Turning Oil Into Salt (5): Alcohol as fuel

Given the low incremental cost of making vehicles flex-fuel, the key barrier to the liquid fuels half of the Open Fuel Standard aspiration is sourcing the non-oil-based fuel itself. The authors focus on two in particular, methanol and ethanol.

Their section on methanol is OK, but I still have questions around the feedstock. The throwaway line on biomass that “The raw material is plentiful, and most of the biomass products are currently discarded” is facile and unhelpful, as anyone familiar with the economics of biomass-to-power will know (the upshot is, not many plants are being built in the U.S. because the feedstock isn’t free and thus the economics aren’t great). Coal-to-liquids and gas-to-liquids technology is indeed fairly mature, but the current cost is not great and the GHG emissions (particularly for CTL) are terrible. And while the U.S. has abundant coal, their argument on gas sourcing is inconsistent, as I mentioned before.

Their section on ethanol is way off, and the worst part of the entire book. They correctly rail against ethanol tariffs, but become apologists for ethanol subsidies, calculating the absurd claim that $6 billion in ethanol subsidies reduced the world price of oil in 2008 by enough to save the U.S. alone $60 billion on fuel imports (“ten times the subsidy”). They misleadingly quote the energy requirements of gasoline vs ethanol:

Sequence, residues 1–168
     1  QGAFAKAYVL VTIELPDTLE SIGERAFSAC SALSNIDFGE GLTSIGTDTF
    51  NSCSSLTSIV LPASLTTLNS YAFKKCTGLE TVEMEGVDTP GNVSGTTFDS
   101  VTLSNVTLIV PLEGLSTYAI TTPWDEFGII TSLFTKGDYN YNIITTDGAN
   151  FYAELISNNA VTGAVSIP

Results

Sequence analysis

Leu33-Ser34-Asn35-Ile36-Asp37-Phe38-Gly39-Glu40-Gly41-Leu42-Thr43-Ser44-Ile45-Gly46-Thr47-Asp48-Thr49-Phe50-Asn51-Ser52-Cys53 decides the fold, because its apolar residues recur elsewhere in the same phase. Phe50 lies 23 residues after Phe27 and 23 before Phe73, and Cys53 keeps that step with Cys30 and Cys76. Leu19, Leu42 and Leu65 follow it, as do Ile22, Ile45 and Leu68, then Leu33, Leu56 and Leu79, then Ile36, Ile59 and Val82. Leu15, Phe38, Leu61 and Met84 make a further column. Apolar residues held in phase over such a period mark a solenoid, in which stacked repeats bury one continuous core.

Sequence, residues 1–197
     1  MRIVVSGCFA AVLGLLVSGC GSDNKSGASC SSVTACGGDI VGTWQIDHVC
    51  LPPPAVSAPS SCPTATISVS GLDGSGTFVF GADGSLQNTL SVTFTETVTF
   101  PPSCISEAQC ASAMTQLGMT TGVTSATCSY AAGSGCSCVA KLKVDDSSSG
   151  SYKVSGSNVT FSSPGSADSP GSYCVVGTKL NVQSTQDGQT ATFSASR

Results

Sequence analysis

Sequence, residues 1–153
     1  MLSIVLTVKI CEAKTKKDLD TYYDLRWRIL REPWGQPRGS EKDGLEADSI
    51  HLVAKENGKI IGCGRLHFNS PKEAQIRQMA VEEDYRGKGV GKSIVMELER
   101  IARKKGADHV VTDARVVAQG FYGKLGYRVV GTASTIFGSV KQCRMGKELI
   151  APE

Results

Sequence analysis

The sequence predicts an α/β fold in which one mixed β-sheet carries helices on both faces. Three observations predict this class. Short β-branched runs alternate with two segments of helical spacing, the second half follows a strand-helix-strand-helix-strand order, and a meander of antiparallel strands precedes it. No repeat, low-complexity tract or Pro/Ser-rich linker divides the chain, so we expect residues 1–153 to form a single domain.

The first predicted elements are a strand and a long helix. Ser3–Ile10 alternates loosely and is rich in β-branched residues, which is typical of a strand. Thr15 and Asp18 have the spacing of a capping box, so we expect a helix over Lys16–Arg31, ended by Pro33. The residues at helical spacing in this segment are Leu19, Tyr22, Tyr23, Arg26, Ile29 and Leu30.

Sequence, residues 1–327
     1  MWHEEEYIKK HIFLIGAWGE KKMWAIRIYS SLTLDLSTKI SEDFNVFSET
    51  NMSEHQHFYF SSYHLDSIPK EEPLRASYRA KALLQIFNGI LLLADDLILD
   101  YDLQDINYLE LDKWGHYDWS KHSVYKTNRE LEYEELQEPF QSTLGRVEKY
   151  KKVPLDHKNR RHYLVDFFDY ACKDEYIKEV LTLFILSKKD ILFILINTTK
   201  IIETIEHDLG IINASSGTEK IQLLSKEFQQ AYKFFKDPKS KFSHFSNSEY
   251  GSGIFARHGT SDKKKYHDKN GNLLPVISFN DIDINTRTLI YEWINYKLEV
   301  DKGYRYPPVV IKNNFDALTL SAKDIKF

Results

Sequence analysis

The amount of fossil fuel in mega joules needed to make one mega joule of gasoline is 1.19 versus 0.77 for corn ethanol and 0.10 for cellulosic ethanol.
(That 1.19 includes the mega joule of energy from combusting the gasoline, which is why the wording is misleading.)

Even more flawed, though, is their thinking on the “food vs. fuels myth”:
How could that drastic increase in the price of food commodities from fish to rice possibly be attributed to ethanol? Nobody was growing corn in rice paddies or making biofuels out of fish.
Yikes. Agricultural commodities are largely fungible, like oil, from both the supply and demand sides. Increased corn cultivation reduces the land available to grow other cereals like wheat, and higher prices affect the prices of substitutes like rice as consumers shift their consumption patterns in response. Farmed fish are often fed corn, as are industrially-raised cattle, pigs and poultry, which are meat substitutes for fish. Ethanol is certainly not responsible for all of the rise in food prices, but the most credible estimates link it to ~30% of the rise in grain prices (more for corn and less for wheat and rice.

This lack of understanding infects their analysis of CO2 emissions from indirect land use change and deforestation. Yes, Brazilian sugarcane is not grown near the Amazon, but it displaces commercial soy and corn farming, which in turn displaces lower-value farming and ranching activities and pushes them further into the Amazon. Throughout the world, increasing food production in response to higher prices often means extension onto marginal land (which in turn is often forest). Yes, this effect is hard to measure precisely, but that does not mean it doesn’t exist.

Finally, like many others, they take a rich-world-centric view of food price increases (“farm commodity prices have almost no effect on the retail consumers”). Yes in America, but in poorer countries where food purchases account for >50% of income and raw commodities make up >65% of end food prices, that is not the case – food price rises have a huge negative impact on nourishment, nutrition and overall welfare, which is not something to be casually ignored.

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